It is a challenge for any employer to find and keep a good maid. Frequent changes are both costly and inconvenient, as you would have to start retraining the new maids. For very young children, it can be traumatic to keep readjusting to a new face each time. Their stress will be compounded if the changes occur frequently and within a short period. The following suggestions may not guarantee a trouble-free employer-maid relationship but they could minimise the conflicts between the two parties.
Find out under what circumstances your maid learns best. Is she the type who learn by example, or does she have to be hand-held all the way? Does she learn better with negative reinforcement (scolding and nagging over things done wrong) or positive reinforcement (praise and encouragement with things done right)?
A maid needs companionship. Talk to her instead of just giving instructions all the time. Let her ease into your family culture slowly. It is important to respect her beliefs and religion, if they are different from yours.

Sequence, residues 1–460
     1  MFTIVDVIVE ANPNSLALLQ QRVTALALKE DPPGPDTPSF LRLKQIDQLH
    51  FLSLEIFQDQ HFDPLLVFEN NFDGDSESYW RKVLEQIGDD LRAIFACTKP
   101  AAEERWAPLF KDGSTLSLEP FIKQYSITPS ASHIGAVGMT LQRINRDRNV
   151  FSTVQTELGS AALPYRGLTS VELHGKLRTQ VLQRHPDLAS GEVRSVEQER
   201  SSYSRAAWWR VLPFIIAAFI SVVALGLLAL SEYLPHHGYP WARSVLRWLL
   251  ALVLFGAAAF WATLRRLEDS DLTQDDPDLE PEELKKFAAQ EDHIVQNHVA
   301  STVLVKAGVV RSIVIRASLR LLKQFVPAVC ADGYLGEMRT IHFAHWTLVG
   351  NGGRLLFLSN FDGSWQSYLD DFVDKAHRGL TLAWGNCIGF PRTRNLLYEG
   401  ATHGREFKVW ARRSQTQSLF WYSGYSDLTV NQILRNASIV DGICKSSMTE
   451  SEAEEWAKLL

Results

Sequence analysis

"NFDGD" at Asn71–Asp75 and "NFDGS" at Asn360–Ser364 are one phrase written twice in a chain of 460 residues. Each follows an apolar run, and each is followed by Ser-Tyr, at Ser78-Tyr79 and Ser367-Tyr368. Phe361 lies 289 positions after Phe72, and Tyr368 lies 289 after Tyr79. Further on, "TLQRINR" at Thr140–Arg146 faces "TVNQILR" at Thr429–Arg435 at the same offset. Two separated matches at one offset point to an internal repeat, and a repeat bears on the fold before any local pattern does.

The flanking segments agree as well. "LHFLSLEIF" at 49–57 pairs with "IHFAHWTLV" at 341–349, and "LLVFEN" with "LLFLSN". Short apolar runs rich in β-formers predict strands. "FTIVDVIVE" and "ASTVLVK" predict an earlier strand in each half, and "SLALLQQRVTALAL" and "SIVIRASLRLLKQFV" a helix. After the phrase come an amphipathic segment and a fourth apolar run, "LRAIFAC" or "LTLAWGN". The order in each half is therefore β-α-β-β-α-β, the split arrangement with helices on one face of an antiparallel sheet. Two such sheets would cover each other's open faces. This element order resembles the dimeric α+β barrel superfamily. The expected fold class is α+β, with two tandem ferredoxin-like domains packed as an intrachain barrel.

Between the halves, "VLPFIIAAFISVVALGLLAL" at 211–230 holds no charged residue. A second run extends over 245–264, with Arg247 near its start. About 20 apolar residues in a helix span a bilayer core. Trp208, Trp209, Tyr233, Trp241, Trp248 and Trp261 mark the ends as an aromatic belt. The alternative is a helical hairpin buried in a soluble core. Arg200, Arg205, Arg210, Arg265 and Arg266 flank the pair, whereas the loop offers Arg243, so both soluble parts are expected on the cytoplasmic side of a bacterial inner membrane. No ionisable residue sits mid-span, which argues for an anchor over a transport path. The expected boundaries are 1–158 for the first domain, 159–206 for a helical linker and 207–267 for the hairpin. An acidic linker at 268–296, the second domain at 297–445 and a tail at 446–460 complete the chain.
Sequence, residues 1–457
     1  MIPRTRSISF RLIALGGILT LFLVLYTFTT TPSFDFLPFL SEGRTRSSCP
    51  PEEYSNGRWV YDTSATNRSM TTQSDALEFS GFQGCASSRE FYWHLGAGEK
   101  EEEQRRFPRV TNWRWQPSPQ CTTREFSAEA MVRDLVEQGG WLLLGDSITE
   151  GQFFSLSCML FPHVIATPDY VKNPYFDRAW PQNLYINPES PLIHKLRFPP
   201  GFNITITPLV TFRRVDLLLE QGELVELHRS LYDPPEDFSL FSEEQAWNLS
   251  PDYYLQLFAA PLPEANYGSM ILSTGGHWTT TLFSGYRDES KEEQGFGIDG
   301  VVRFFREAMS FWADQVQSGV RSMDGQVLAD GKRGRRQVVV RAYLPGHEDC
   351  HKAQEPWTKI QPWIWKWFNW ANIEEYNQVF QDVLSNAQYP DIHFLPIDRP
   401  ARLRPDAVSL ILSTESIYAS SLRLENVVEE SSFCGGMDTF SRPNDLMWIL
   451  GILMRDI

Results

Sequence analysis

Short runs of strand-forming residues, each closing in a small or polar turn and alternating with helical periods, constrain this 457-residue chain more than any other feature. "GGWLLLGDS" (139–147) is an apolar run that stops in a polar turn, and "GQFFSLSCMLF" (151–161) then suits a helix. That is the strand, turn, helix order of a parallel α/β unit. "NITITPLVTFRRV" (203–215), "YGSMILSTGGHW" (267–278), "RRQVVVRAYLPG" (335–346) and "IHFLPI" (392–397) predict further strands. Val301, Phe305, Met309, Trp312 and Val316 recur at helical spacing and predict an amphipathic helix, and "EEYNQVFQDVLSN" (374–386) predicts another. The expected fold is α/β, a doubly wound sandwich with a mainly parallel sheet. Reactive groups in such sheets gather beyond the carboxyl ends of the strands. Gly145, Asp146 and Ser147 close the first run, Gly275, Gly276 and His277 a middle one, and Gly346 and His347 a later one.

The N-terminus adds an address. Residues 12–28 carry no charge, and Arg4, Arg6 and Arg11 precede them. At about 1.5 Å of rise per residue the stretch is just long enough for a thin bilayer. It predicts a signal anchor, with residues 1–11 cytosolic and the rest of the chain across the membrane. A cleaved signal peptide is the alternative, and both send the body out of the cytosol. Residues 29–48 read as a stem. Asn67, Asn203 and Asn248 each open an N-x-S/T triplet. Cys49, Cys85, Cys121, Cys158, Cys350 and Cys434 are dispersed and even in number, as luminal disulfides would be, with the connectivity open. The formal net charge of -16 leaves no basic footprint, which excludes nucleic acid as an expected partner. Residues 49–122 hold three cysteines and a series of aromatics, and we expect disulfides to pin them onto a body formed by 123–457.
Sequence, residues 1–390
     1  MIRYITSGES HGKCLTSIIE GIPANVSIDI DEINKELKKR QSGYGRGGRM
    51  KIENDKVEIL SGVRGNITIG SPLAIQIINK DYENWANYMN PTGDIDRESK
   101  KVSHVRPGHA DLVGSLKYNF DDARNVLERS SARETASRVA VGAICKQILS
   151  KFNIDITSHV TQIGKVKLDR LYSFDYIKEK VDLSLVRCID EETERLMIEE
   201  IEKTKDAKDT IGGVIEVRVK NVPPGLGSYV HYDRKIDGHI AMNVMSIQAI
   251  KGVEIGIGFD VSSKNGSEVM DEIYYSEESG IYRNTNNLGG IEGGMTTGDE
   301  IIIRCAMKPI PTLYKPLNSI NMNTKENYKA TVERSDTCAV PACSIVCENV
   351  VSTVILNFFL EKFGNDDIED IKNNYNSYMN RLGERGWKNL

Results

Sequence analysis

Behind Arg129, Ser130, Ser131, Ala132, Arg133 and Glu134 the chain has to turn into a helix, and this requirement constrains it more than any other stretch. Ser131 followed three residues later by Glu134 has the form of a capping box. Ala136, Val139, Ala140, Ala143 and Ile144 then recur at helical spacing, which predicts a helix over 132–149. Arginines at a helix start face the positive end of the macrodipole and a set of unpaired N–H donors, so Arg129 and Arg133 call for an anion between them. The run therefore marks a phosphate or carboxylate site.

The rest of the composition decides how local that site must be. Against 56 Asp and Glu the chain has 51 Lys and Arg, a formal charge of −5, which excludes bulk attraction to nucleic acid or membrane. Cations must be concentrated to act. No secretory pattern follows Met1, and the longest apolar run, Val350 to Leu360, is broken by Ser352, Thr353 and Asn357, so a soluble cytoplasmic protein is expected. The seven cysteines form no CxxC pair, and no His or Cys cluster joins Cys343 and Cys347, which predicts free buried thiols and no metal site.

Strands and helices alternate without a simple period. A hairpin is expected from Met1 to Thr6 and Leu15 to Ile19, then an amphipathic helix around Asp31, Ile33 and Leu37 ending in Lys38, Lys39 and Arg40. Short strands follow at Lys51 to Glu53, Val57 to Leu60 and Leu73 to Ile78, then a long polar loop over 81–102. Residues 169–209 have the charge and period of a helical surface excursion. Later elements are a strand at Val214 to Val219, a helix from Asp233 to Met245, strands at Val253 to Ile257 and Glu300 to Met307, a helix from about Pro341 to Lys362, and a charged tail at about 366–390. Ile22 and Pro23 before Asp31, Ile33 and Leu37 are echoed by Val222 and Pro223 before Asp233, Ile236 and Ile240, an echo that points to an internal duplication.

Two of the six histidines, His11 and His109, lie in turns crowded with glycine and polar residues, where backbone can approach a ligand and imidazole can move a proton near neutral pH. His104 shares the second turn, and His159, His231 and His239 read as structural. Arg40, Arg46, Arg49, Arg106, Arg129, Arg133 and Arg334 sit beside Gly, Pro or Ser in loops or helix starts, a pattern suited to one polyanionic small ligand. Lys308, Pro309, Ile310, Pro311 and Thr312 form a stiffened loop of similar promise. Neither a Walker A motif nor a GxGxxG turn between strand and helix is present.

Show your care and concern by being observant about her moods and feelings. If she is suddenly quieter than usual, dropping a plate too many or seems sullen all day, ask if there is anything wrong. She may need
someone to talk to or could be troubled by something in her home or her children.
Do not belittle your maid in front of the children or guests. Teach your children to respect and address her
in a polite manner.
Given a load of instructions at the start, your maid may not be able to remember or understand the seriousness of not following certain instructions. Tell her clearly and write down on paper what is not tolerated and the consequences of such actions. These would include sleeping or reading on the job, excessive fraternizing with other maids or strangers, and bringing friends into the home when she should be working. Be firm about carrying out the punishment when rules are broken but remember to reward your maid if she performs well consistently.
Have your maid’s welfare at heart. Make sure she has sufficient rest, eats right and is happy with what she is doing. Many employers will not have the time to ensure that the maid is happy in the household. But those who do have found that it is time well spent. Efforts at understanding what makes your maid tick might well keep unhappy incidents at bay. It could also help prevent your maid from seeking a listening ear elsewhere and makes the home a safe retreat for you to return to after work.